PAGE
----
"Man cannot discover new oceans unless he has the courage to lose sight of the shore."
-André Gide

Friday, February 26, 2010

Home and Office Decor

Ordered a custom mouse pad and calendar from http://www.zazzle.com/ about a week ago and just received them the other day. I have no affiliation with the website, just a happy customer. Great products and fast turnaround. Pictures don't really do the products justice because the clarity is a lot better in person than what my camera was able to take.

Custom Mouse Pad

Calendar made up of pictures I took while out on the water

Favorite month for trout fishing

Mansfield Jetties: Epic PINS trip in May a few years back

Favorite month for redfish

Back Cover

Here's a shadow box I have hanging in my room. I start putting retired lures in less than a year ago. A lure must pass some rigorous criteria to make the cut; only three have made it thus far. These three lures have accounted for five of my eight biggest trout up to 28.75" and one of them has accounted for close to a hundred redfish up to 30". Look forward to adding more lures to my shadow box this upcoming year.

The Shadow Box of Retired Lures

Tuesday, February 23, 2010

Dabblings with the Vise

Came across some pictures the other day on my computer of some flies I tied over the last few years...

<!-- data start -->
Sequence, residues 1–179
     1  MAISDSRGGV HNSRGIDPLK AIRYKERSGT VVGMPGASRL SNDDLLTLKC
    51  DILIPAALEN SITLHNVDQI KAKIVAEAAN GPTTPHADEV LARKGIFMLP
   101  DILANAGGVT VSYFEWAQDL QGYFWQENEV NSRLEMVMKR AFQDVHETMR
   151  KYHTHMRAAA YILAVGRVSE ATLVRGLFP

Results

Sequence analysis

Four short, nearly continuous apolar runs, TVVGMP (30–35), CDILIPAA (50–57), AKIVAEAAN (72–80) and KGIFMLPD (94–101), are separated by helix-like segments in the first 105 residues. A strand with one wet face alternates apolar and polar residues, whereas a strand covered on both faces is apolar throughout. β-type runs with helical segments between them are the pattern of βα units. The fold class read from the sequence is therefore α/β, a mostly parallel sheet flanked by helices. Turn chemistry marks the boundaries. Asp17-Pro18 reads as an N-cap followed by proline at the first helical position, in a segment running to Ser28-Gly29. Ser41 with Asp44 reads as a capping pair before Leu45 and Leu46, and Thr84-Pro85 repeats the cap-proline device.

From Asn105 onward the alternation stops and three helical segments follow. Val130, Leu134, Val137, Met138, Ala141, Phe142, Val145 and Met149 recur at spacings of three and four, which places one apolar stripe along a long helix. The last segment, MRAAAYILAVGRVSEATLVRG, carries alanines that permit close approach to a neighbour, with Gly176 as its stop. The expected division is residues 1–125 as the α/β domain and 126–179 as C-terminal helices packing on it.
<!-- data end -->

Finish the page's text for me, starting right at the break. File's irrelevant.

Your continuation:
First fly I ever tied about three years ago

Sunday, February 14, 2010

The Measure of Success

If you think catching fish is the only gauge of a successful fishing trip think again. My number one measure of a successful fishing trip is determined by whether I learned something new or not. Not only from a fishing standpoint but life in general. I got the opportunity to fish this past weekend with a very good friend, Sam. We haven’t been able to spend much time on the water together since he entered the “real world”.

I enjoy fishing with Sam for a number of reasons not the least of which is the amount of fun we have on the water together; we just like to have a good time. Our fishing trips are part philosophical, part comical, and the remainder is somewhat serious fishing. We probe each other’s brain on certain topics trying to figure out life’s nuances and mysteries. No subject matter is off-limits, including women and religion. The insight produced from our encounters on these trips is invaluable.